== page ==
Overcoming traumatic stress
If you experience a traumatic incident such as a bereavement, physical or sexual assault, or a serious accident, the psychological effects can be profound. In most cases, these effects will gradually fade after a few days or weeks. In others, your mind may find it impossible to process the trauma and so you feel stuck in a permanently stressed state, feeling out of control of your emotions and experiencing distressing flashbacks – this is known as post-traumatic stress disorder (PTSD).
If you have experienced a traumatic incident, there are a few things you should know. Perhaps the most important is that, whatever your reaction – whether it's vengeful fantasies about the person who harmed you, feeling constantly jumpy and 'hyper-vigilant' for possible threats, or a sense of numbness and disconnection from other people – it is perfectly normal. When something shocking has happened, which may have completely overwhelmed your coping mechanisms, your mind must understand and make sense of it. That's why people with traumatic stress often experience intrusive memories or images, usually accompanied by a surge of negative emotion like anger or anxiety – your mind is returning to the incident over and over until it has processed what's happened and can move on.
Following on from this, it's also very important to allow these thoughts, images and feelings to occur – don't try and push them away or distract yourself, however upsetting they may be. This will only increase the number of thoughts and make this necessary but upsetting process last longer. Also tell the story of your trauma as many times as you need to – perhaps tell friends and family you will need to do this to get better and ask them to be patient with you. This is a key part of the healing process.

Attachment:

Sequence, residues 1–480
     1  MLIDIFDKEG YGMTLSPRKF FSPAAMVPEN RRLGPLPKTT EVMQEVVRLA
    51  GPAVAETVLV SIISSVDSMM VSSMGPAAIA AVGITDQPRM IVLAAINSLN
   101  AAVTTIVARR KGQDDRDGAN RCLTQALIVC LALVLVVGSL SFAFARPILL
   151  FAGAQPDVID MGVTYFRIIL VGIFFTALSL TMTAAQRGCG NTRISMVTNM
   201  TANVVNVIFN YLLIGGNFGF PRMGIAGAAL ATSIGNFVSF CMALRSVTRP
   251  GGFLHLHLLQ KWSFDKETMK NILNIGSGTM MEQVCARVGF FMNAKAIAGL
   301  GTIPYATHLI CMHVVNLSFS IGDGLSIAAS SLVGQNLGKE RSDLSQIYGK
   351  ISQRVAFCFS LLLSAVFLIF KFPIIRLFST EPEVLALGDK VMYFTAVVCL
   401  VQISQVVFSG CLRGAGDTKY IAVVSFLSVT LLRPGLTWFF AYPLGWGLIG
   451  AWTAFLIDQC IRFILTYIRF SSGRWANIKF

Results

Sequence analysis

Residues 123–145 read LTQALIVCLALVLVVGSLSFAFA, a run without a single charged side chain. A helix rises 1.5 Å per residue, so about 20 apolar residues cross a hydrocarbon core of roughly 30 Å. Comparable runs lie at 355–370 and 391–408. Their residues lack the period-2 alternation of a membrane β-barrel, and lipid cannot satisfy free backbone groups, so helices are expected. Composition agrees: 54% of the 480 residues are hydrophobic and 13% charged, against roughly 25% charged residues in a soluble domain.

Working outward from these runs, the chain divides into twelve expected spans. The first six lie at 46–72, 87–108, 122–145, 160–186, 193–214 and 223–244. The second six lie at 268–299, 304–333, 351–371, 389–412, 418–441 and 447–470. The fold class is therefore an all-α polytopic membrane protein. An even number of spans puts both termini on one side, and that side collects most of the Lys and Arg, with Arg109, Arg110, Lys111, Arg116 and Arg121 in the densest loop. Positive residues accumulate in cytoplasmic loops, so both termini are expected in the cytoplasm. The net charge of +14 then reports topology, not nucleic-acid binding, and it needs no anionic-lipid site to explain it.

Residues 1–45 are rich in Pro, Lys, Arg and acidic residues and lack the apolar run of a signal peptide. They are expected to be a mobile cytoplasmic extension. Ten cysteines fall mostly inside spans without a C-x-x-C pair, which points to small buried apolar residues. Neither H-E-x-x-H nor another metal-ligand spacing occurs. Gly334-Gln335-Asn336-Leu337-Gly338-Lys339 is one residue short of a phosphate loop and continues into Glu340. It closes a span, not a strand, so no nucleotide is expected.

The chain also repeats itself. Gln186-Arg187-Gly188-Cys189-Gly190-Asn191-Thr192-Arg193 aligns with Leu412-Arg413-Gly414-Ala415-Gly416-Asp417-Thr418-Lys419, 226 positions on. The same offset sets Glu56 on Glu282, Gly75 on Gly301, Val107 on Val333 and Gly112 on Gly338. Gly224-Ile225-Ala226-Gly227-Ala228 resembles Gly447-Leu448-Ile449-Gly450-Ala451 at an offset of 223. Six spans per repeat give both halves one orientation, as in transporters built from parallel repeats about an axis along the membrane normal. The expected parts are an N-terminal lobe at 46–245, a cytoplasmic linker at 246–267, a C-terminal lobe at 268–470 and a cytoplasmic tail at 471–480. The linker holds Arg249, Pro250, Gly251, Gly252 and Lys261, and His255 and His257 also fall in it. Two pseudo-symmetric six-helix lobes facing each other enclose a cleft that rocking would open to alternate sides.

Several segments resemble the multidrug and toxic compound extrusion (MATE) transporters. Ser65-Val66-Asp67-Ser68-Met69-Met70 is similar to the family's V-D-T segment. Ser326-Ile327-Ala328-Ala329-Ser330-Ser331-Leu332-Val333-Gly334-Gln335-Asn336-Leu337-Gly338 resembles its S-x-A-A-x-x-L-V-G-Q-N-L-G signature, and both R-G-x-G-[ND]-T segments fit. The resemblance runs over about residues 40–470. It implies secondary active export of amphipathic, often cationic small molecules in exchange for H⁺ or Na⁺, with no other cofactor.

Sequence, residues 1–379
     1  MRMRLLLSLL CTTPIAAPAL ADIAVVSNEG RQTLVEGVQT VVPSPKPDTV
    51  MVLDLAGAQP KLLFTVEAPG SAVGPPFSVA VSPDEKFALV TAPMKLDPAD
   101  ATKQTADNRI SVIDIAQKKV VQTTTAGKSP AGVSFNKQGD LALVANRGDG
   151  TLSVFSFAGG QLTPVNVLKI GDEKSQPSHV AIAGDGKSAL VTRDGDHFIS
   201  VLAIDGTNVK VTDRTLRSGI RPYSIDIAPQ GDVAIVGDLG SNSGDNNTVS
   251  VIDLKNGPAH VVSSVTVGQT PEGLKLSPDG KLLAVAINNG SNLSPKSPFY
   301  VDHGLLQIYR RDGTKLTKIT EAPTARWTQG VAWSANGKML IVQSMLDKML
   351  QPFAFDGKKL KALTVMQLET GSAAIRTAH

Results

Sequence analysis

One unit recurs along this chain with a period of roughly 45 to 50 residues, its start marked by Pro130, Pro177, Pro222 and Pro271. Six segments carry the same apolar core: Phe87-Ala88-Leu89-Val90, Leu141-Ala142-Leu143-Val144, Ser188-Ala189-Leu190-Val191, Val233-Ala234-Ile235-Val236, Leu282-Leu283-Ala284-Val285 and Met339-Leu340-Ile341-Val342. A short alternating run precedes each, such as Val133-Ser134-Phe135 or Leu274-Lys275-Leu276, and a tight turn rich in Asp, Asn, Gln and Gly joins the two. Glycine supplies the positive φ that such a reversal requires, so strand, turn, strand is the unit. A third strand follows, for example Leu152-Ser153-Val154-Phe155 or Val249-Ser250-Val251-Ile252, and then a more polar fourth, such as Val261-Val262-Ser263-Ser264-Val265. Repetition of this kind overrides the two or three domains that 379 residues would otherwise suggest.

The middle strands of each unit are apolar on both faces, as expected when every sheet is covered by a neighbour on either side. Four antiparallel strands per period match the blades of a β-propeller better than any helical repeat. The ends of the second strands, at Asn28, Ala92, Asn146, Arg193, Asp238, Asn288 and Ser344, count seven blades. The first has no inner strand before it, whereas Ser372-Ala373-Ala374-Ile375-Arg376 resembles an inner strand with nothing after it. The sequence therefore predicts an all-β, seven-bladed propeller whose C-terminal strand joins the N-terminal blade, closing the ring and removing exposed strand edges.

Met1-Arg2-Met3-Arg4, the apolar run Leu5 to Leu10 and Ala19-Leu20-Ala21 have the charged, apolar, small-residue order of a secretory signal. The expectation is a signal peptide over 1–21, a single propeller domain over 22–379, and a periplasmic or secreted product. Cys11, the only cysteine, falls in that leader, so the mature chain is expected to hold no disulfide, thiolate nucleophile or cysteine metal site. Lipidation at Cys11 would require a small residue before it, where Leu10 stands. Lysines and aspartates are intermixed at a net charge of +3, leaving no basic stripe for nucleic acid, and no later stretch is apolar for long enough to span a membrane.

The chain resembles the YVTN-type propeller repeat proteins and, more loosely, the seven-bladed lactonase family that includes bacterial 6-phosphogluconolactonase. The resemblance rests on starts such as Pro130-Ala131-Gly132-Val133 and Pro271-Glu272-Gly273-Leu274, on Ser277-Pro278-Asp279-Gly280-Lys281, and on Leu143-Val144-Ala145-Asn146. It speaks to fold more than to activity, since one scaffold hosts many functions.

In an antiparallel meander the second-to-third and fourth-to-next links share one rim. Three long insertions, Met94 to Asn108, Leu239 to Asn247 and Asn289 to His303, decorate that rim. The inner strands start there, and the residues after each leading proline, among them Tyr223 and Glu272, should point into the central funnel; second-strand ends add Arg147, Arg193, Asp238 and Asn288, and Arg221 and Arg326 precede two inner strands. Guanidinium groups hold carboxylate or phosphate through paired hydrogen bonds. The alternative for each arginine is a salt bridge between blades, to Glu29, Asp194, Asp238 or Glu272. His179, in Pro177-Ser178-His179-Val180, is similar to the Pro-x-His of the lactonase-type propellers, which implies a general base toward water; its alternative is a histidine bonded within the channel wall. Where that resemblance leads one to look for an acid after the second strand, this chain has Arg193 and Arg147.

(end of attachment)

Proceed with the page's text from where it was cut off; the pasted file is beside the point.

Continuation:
If you find your stress too much to cope with, please do get some professional help and support. Talk to your GP or contact Victim Support for advice. I also recommend the excellent Overcoming Traumatic Stress: A Self-Help Guide Using Cognitive Behavioral Techniques, by Claudia Herbert and Ann Wetmore. Like all the Overcoming... books, it's a self-help guide written by leading experts in this field, so it will help explain what you're going through and give you practical strategies for dealing with it.